TANGLEWOOD: Terfel rampant, Radvanovsky resplendent in Verdi, Puccini

In "Tosca" came a revelation of a universal truth, one which we ignore at our peril. When masculine urges and controlling depredations are enabled in the name of religious observance and law enforcement, societies – and especially women – are inevitably imperiled.

Lenox — Two nights after a wide ranging and generous recital at Ozawa Hall, on July 11, the justly celebrated bass-baritone, Bryn Terfel, brought his huge and resonant voice to the Tanglewood Shed, with solo arias from Verdi’s “Don Carlo” and “Falstaff” preceding a wondrous performance of Act I of Puccini’s “Tosca.”

In the latter, as the evil, love-struck police chief, Scarpia, Terfel was joined by his equal in power, projection, and personality, the Met soprano, Sondra Radvanovsky, a credulous, sensuous, volatile Tosca. She evoked the wizardry of Maria Callas to Terfel’s Feodor Chaliapin, along with a superb, last-minute tenor replacement, Brandon Jovanovich, as Cavaradossi, and a truly impressive supporting cast: bass-baritone, John Del Carlo as the Sacristan, the marvelous bass, Ryan Speedo Green, as Angelotti, tenor, Ryan Casperson as Spoletta, and the Tanglewood Festival Chorus and a children’s chorus, Voices Boston, along the Boston Symphony Orchestra, singing and playing their hearts out under the baton of Bramwell Tovey.

Verdi’s Overture to La forza del distino and Stabat Mater preceded Terfel’s solo arias. Tovey’s conducting was masterful and understated. His subtle stick work and expressive left hand drew lovely dynamic shadings and clearly arched, emotionally deep phrases from the Boston Symphony Orchestra, which wove elegant tapestries of context and support. Ravishing string pianissimos, exquisite solos from clarinet, oboe, and flute, and rich underpinnings of contrabasses and brass distinguished these works.

Stabat Mater began with Mary’s weeping at the foot of the cross on which Jesus was crucified, with unsparing lyrics and in astonishing expressive verisimilitude, combining decrescendo and rallentendo to create a sense of overwhelming sadness from the chorus.

“The sorrowful mother stood

weeping by the cross

where her Son was hanging.

Her groaning heart,

Saddened and anguished,

A sword had pierced.”

Short phrases and single syllables gave power and tragedy to these images of death and loss, over continuously-flowing, ineluctably-progressing passages in the woodwinds and low brass, for whom the piece was virtually a concerto with voices. Perfectly, Tovey balanced the velvety brass ensemble sound both with the chorus and the orchestra. Allowing the trombones and tuba to be clearly perceived all through came as a revelation (because it was missing throughout James Levine’s tenure), deepening the profound emotionality of the text.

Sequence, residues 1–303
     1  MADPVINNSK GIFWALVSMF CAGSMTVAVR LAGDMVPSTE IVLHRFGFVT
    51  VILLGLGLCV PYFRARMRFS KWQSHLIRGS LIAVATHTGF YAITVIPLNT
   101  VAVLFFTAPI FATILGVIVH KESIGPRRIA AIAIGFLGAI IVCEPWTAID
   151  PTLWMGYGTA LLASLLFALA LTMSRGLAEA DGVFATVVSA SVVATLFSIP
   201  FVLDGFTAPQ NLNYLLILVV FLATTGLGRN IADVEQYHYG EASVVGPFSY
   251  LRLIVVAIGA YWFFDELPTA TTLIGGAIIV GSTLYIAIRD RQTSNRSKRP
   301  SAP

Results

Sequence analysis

“She saw her sweet Son

desolate in dying,

as He gave up the spirit.


Ah Mother, fount of love,

make me feel the power of grief

that I may lament with you.”

Stabat Mater built on the words and music of a medieval hymn. It conveyed to the heedful listener a message for all time and all mankind: Appreciate earnestly the love and travails of mothers. If they suffer trauma and loss, reach out to them with kindness. Sense and share their grief; and give them sympathy and care.

Bass-baritone Bryn Terfel. Illustration by Carolyn Newberger.
Bass-baritone Bryn Terfel. Illustration by Carolyn Newberger.

Bryn Terfel then presented two Verdi arias, the moving Ella giammai m’amo (“She never loved me”) from Don Carlo, and the over-the-top send-up of conventional morality, Eh! Paggio! Hey! Page! L’onore (“Hey, page! Honor!”) from Falstaff. The first was at once deeply mournful and exquisitely tender. A sweet and warm summoning from Martha Babcock’s cello contrasted thoughtfully with the vocal line.

But Eh! Paggio! L’onore! offered no sense of civility, or of empathy. Honor, in the view of the fat knight, was for show, evasive in meaning and contingent on the scheme at hand. Terfel gave him rip and roar, emphasizing in gesture, phrase, and bellow the strutting of a gentleman poseur. Honor is but a word, which can neither heal wounds nor mend broken bones. What’s more, it has zero meaning after life is over!

Verdi worked with his librettist friend and colleague composer, Arrigo Boito, on Falstaff between 1889 and its premiere in La Scala in Milan in February, 1893. The slow pace of completion was partly attributable to there being no need to rush, as they were composing and writing for their own amusement. But Verdi was keenly aware of his advancing years, and his depression, lapses in their communications, and their both suffering illness and the deaths of friends contributed as well.

Their letters, however, also reveal the joy, and no doubt relief, that they shared in reframing Shakespeare’s boffo comedy. Verdi wrote Boito in 1891:

Pancione, “The Big Belly” is on the road to madness. (Pancione was their nom-de-travail for the opera before they disclosed that it was based on Shakespeare.) There are some days when he does not move; he sleeps and is in a bad humor. At other times, he shouts, runs, jumps, and tears the place apart. I let him act up a bit, but if he goes on like this, I will put him in a muzzle and straightjacket!”